Cornell Note Taking System – Simple But Effective

13 May

cornell_diagThis weekend I had the chance to see my nephew, Jason, who graduates from high school in a few weeks and then immediately heads for college in a special summer program. In the course of our conversation we talked about some of the differences between high school and college and the different skills you need to develop for the larger work load. I asked him if he had ever heard of the Cornell Note Taking system; something I only learned about a few years ago but wish I had known about it while I was in college. It was not a surprise to me that he had never heard of it.

The system is fairly simple and can be used with regular notebook paper, though I will show you a link below that will allow you to print your own paper specifically for this purpose. On the top of the page is a place for your name, the subject and the date. At the bottom is a space for summary notes and particularly important features. In between are lines for writing notes, those this part of the page is divided by a vertical line about a thrid of the way over from the left hand side.

The idea is to write your notes in the larger part of the main section. Like all notes they should be somewhat crytpic, catching only the high points and significant details. The difference comes after the notes are taken. As soon after the lecture as possible, you should review your notes, writing questions in the smaller section just to the left of your main notes that are answered by the details in the notes themselves. This is your first review and again, as has been said before, it is important to try to do this as soon after you make the notes as possible.

For future review, you take a blank piece of paper and cover the main note section. Then you look at the questions you have written on the left and see if you can answer them, pulling the paper aside briefly to see if you are correct. You now have a very easy to use system for self study and practice testing to see what areas still need attention. Simple and very effective.

I have been able to purchase legal pads at the local office supply house that are already set up as I have described. Their are also online source for purchasing pre-printed pads, though they tend to be pricey. ( However, there is also a program online where you can print custom sheets, with features like putting your name and class at the top of the sheet and determining the spacing of the lines. ( I like to use pre-drilled paper so that the pages can be put into notebooks once they are written and organized by topic.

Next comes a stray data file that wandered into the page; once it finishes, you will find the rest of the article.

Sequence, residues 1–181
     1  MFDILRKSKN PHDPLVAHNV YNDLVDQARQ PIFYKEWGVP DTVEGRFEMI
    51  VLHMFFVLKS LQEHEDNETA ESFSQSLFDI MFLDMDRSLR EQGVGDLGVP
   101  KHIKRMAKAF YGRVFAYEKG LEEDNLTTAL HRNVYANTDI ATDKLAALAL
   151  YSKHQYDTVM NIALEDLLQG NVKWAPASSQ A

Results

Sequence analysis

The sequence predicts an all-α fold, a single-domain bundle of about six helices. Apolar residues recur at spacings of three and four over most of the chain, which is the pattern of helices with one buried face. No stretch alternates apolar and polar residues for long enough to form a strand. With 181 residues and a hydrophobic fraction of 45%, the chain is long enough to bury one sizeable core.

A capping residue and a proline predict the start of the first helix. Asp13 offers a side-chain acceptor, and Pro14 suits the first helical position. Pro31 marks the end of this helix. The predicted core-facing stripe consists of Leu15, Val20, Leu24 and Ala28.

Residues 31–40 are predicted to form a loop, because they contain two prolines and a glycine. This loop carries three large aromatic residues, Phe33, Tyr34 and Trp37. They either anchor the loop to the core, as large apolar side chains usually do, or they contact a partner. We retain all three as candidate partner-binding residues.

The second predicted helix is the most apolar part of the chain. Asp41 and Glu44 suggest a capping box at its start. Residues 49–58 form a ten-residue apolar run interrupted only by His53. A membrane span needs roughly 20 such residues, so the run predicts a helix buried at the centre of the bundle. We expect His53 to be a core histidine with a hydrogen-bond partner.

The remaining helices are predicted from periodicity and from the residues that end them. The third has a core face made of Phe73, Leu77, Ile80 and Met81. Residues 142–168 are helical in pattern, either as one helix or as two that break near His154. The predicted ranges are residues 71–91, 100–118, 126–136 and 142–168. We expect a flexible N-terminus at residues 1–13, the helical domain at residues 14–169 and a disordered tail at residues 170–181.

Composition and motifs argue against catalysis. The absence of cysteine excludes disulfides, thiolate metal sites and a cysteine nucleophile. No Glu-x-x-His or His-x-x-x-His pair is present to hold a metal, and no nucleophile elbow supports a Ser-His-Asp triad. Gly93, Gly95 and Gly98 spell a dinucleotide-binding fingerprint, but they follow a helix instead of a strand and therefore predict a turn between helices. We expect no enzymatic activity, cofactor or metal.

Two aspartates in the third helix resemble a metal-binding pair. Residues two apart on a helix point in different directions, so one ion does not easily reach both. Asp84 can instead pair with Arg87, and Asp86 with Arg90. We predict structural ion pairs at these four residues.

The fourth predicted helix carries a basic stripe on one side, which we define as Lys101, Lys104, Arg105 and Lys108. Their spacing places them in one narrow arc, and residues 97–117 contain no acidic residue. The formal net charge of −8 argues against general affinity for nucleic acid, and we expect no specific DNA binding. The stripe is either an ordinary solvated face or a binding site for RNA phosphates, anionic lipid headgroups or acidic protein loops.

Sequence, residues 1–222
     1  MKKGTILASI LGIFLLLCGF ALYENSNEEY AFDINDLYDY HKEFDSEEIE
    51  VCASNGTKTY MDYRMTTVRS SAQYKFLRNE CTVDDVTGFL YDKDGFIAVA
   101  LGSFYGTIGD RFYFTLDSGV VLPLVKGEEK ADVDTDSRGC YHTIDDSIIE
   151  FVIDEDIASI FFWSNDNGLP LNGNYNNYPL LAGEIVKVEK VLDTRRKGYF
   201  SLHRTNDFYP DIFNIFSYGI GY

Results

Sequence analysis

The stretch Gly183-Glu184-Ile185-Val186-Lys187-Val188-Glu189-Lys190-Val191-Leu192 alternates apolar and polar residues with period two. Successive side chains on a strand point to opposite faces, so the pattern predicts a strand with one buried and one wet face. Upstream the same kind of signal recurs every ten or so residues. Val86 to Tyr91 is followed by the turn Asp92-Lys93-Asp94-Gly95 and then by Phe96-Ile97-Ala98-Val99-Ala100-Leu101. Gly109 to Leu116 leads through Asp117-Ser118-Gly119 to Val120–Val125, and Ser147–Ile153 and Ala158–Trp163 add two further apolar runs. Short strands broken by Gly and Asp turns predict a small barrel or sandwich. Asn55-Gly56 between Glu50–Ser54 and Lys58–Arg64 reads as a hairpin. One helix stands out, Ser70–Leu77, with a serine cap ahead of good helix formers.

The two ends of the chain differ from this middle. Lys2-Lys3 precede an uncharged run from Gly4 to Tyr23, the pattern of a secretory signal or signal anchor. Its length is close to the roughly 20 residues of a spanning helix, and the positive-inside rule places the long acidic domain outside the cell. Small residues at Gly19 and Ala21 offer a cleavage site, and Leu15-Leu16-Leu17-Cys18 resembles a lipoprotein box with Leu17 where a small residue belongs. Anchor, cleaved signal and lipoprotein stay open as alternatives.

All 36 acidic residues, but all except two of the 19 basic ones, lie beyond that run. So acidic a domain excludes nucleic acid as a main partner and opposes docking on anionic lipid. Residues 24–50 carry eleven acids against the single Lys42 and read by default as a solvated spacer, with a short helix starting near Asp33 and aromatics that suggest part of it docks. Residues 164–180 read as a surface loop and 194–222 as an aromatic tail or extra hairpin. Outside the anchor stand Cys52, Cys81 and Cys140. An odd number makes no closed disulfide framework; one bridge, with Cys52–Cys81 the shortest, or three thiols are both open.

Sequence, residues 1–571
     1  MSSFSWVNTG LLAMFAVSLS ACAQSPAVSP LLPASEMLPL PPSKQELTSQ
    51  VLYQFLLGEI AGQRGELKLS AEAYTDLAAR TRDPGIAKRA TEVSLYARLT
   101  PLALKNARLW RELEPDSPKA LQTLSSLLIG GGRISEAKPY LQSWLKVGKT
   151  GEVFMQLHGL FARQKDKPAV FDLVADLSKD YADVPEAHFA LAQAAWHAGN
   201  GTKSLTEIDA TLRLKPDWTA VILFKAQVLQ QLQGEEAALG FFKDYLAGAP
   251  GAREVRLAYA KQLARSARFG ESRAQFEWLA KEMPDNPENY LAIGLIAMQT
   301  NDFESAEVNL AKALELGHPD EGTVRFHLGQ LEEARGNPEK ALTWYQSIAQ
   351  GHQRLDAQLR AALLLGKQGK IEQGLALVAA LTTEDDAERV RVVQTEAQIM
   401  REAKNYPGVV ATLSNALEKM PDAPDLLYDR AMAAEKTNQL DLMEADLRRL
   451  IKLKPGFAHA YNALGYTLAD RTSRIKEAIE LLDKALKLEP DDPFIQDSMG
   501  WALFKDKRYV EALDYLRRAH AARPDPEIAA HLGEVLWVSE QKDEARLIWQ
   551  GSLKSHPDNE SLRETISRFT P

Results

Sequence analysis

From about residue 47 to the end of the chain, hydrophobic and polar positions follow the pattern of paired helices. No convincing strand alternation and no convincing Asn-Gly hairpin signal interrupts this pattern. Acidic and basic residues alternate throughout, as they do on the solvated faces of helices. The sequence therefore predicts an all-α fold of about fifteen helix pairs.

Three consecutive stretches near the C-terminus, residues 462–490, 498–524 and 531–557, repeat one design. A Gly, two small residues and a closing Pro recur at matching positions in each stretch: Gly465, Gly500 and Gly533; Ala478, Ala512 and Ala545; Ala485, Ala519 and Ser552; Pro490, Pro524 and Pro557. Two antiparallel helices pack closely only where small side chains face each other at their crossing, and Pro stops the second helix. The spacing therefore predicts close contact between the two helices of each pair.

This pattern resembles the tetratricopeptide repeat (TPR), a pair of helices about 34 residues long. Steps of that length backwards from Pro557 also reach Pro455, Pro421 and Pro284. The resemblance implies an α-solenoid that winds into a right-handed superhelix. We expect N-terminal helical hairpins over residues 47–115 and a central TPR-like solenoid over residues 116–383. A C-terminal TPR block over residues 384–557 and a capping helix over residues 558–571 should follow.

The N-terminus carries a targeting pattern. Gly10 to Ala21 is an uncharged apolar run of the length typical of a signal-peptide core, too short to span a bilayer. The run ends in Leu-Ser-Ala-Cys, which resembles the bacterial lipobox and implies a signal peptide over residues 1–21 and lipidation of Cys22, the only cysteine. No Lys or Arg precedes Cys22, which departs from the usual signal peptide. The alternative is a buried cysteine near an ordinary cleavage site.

To me, this is one of those ultra simple systems that just works. My wife is a university professor and she says that a lot of her students like to bring their laptops to class and take notes on their keyboards. That is something I would have like when I was in school, though there is a lot of evidence that handwriting notes helps you remember better. Handwriting notes and typing them engage very different parts of the brain. As a result, one is simply much better at helping you get the information into your long-term memory. Of course, typed notes are better than no notes, but side by side, the handwritten notes will outperform those that are typed.

My wife, a university professor, complained the other day that many of her students are asking for her Power Point presentations ahead of time. They want to have the presentations up on their screens as the lecture is given so that they can type notes into the appropriate section. That works fine for some classes where teachers are willing to post these presentations, but many, like my wife, are not. Some of the students are not happy that she is unwilling to share her presentations, but she has good reasons for choosing not to and is not going ot change her mind.

However, why should a students note-taking be contingent on the teacher does? Does it not make sense to have a system that allows you to make notes regardless of what your teacher supplies?

That is exactly what the Cornell System does; it supplies you with a very handy tool that can be used anywhere you have paper and pen. As I have said, this is a tool I wish I had when I was in college, and that in spite of the fact that I thought I was an exceptionally good note taker.

Take a note from my page, Jason, and do a great job!

1 Comment

Posted by on May 13, 2013 in Uncategorized


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One response to “Cornell Note Taking System – Simple But Effective

  1. jamesrevelsthecomposer

    May 13, 2013 at 3:25 am

    thinking about employing this in my music theory note taking process


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